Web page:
Wednesday, 12 January 2011


As Britain was buried under a blanket of snow leading up to Christmas, the commuter was laid bare for all to see. Whilst T Mobile optimistically imply that ‘life is for sharing’ making a direct reference to the life of the commuter, the Christmas spell revealed the commute to be anything but communal.

As the 7.58 gingerly pulled into the platform, sparks disconcertingly flying from the tracks, the realisation of the hellish journey ahead set in. A train, usually empty upon arrival, was bustling. As passengers frantically pushed and shoved their way into the non-existent space for fear of having to wait an hour for the next train, I found myself a sardine in a sea of long black coats, briefcases and bad breath.

The hour that followed provided me with an insight into the dark depths of the commuter. Stepping through the sliding doors, social etiquette, personal body space and pride is disposed of and the once apparently mature, responsible, intelligent and articulate crowd suddenly transform into something strangely animalistic. Every stop that followed consisted of panicked attempts to board an overflowing train as commuters shamelessly dove at doors bulging with people; aggressive remarks thrown at those refusing to suck in their stomachs and hold their breath in order to make room for ‘just one more’; and the struggles of passengers attempting to disembark through a crowd refusing to move for fear of losing their desirable spot: face pressed up against glass, crotch inappropriately close to the man opposite. Falling out of the train at London Waterloo, an hour late and exhausted before the day had even begun, plans for the journey home were already ticking over.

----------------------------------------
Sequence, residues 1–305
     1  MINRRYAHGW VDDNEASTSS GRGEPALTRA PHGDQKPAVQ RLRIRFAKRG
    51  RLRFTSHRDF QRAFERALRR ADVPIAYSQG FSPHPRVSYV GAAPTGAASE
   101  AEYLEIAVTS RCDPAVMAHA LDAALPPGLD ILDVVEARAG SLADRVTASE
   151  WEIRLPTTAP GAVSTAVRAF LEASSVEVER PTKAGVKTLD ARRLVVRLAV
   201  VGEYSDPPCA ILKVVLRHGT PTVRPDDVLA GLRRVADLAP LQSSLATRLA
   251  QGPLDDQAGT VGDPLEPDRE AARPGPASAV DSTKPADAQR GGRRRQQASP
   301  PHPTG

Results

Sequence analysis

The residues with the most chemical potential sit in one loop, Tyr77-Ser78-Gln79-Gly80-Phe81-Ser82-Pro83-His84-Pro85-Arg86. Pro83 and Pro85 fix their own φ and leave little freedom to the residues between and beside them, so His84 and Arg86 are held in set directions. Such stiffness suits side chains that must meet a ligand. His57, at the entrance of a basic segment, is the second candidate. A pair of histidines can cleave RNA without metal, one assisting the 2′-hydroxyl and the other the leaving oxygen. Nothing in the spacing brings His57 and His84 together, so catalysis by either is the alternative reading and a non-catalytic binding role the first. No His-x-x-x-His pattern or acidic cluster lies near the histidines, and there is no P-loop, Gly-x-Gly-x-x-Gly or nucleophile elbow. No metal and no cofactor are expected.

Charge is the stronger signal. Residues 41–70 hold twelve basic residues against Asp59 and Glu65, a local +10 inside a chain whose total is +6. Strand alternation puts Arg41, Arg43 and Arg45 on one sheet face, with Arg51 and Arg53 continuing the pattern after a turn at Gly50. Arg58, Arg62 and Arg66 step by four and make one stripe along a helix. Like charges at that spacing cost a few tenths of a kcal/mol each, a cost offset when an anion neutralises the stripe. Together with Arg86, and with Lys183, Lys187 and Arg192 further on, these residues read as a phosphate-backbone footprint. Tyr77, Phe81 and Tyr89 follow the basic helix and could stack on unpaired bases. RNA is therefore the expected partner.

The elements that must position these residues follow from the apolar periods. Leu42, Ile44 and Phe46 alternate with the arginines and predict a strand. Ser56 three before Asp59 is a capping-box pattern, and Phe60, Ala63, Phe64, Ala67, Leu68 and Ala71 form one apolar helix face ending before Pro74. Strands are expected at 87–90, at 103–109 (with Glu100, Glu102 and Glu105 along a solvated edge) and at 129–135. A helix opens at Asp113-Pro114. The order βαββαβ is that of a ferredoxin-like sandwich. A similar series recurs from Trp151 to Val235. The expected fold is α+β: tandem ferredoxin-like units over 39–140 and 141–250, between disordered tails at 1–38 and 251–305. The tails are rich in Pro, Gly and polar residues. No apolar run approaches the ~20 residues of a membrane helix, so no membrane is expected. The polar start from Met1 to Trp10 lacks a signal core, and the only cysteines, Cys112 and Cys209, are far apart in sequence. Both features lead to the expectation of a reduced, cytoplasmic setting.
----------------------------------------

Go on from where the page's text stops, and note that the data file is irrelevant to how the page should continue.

Taking precautions, I arrived at the station an hour early to avoid repeating the unpleasant experience of the morning. However, it soon became apparent from the overwhelming crowds at Waterloo that I was not alone in my preparations. Approaching the arrivals board I caught sight of familiar faces from the earlier commute, this time accompanied by a days worth of stresses. I braced myself for the journey home.

Eyes were transfixed upon the arrivals board, anticipating the platform information for the Alton train. Taking a moment to blink, in a split second I found myself swept along in a sea of movement. The movement was not the expected purposeful stroll but a combination of runs, dodges and panic.

Approaching a platform configured of congregating groups of commuters huddling around an absent train, there was no mistaking the conformist nature of the Brits. As one clueless commuter took a risky guess at where the doors of the train would fall, there was no stopping fellow commuters from following suit. When the train eventually arrived, it was no surprise to see the shuffling bundles of commuters who, as expected, had entirely missed the invisible target.

There is no denying that the commuter has considerably calmed down since the snow’s departure, but the unruly etiquette of the world behind the sliding doors remains. Whilst notoriously rude, inconsiderate and unaccommodating, rightly or wrongly, these are commonly shared and respected traits among commuters. After all, no one likes the guy who sits in the middle seat. However, despite the hours shared of silence, sour faces and body odours, it is not all blood, sweat and tears.

I’m not promising an all singing all dancing scene out of the T Mobile ad, but as long as you stick to the commuters etiquette: no touching, talking, making eye contact or breathing too loudly, you will survive in the relentless reality of the commute. Just make sure to mind the gap on your way out.

Rose Brownlow

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